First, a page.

3. Very interesting and heart-warming post, Martha. I, too, love nature, and despair of the way humans are treating the planet. It’s suicide. I love the extract from your speech – beautifully written. And I love the photo of you and your gorgeous dog by your tree. I adore old trees and the wisdom they hold. Thanks for sharing. πŸ™‚

  4. Awesome, Martha. I agree, I wished there were others that had the spirit, fortitude, motivation, desire, eagerness to protest loudly against the corruption and greed running rampant worldwide. I did what I could when I was younger, but I can’t do as much now. I know that many are in the same position as the ceaseless reader. It’s deliberate…keeping our nose to the grindstone, working for our families to the extent we now don’t have the time to even ponder the ridiculousness of the current world situation, much less fight against it.

    • I don’t really believe in demonstrations — that’s why my life has only had two and both were earth day both in Colorado Springs. I believe more in each person doing the best they can and not adding to the disaster any more than they can help it. I believe if each of us did this — according to our lights — the problem would diminish. I believe it’s the sense of defeat that defeats us. ❀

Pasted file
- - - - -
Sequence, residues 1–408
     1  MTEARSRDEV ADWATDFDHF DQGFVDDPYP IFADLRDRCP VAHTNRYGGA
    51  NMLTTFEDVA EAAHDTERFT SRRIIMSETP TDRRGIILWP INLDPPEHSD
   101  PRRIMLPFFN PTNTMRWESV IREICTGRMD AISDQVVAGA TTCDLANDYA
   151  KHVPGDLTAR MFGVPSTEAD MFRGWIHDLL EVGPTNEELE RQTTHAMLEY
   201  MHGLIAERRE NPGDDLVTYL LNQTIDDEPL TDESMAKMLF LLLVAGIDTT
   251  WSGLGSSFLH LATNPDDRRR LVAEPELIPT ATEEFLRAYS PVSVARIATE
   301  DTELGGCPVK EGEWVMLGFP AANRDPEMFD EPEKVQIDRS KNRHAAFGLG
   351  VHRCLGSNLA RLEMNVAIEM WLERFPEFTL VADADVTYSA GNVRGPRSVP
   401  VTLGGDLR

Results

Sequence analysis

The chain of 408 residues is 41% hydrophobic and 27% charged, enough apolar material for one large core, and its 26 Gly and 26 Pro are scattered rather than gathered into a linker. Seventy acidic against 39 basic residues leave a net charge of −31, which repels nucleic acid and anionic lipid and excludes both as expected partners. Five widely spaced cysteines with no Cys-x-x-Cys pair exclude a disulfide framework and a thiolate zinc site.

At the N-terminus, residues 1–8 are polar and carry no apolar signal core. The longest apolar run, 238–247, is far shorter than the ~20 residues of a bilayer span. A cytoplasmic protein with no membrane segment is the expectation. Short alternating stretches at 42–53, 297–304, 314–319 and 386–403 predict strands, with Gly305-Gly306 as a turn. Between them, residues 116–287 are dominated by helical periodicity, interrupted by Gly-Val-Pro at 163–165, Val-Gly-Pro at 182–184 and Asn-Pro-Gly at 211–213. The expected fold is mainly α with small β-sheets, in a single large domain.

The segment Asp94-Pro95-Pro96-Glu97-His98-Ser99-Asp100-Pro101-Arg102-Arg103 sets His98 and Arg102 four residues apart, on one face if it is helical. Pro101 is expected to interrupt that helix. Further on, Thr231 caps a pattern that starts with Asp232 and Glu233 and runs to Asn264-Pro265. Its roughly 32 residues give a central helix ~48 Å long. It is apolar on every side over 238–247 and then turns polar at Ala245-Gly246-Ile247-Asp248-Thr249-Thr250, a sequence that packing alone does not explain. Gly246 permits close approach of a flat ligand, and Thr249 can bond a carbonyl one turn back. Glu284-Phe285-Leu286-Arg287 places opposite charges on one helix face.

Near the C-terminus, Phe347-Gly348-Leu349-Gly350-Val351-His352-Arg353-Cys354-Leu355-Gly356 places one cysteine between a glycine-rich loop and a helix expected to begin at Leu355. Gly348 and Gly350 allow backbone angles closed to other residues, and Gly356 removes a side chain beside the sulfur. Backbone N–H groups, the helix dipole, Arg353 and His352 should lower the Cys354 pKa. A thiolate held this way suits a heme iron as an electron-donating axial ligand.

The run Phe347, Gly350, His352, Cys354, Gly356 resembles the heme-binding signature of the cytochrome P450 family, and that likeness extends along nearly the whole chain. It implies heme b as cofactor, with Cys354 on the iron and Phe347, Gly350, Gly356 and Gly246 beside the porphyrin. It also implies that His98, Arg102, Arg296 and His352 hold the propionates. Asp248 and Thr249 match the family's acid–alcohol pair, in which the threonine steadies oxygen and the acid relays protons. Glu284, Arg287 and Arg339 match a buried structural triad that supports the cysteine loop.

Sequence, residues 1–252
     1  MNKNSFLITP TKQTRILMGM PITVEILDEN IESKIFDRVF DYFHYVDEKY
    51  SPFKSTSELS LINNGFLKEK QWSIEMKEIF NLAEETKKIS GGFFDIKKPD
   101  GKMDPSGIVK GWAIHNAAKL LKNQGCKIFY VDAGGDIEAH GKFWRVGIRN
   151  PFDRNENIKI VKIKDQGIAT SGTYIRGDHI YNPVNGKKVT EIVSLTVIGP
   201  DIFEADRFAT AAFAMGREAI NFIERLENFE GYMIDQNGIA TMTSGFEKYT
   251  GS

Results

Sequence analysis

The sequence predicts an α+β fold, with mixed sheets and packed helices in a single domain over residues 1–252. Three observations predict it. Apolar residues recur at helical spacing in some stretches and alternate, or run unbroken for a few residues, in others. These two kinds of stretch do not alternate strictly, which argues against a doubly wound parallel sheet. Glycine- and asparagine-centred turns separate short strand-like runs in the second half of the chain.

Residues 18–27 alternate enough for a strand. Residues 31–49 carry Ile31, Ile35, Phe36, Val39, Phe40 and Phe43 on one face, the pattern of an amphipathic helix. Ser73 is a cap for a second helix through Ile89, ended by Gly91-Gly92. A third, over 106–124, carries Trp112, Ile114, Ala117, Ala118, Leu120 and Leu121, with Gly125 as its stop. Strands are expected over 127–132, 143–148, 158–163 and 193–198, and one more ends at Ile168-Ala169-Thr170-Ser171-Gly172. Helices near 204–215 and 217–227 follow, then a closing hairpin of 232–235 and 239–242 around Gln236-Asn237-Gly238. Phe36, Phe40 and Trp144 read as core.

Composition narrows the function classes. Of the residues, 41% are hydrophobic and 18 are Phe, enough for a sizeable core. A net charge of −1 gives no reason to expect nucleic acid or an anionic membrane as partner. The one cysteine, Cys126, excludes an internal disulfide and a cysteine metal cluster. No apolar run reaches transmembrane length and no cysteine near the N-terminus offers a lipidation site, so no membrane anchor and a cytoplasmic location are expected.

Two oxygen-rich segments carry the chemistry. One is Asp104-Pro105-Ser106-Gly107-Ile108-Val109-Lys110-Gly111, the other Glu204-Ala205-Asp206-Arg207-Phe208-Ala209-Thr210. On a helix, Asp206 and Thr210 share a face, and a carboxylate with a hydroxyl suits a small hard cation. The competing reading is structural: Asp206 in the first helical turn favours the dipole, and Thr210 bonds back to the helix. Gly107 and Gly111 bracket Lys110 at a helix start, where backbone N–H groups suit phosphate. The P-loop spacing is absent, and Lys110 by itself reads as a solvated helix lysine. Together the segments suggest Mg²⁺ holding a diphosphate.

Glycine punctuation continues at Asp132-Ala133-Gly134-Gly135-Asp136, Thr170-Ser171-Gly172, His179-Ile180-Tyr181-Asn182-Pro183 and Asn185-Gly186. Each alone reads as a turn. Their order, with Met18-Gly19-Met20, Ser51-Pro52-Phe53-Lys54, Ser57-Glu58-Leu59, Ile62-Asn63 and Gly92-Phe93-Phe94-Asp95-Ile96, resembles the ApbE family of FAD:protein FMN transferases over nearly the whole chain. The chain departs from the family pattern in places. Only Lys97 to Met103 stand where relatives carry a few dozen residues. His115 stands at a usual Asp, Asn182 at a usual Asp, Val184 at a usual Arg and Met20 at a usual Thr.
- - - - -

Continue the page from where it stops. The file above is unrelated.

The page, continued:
• I think so. I’ve reached a point where negativity and doomsayers and “The younger generation sucks.” Things are bad in many ways, but wallowing in that doesn’t help anyone. It paralyzes us. How can you fight FOR something when you’re flattened by all that exists that you can never change? You can’t. πŸ™‚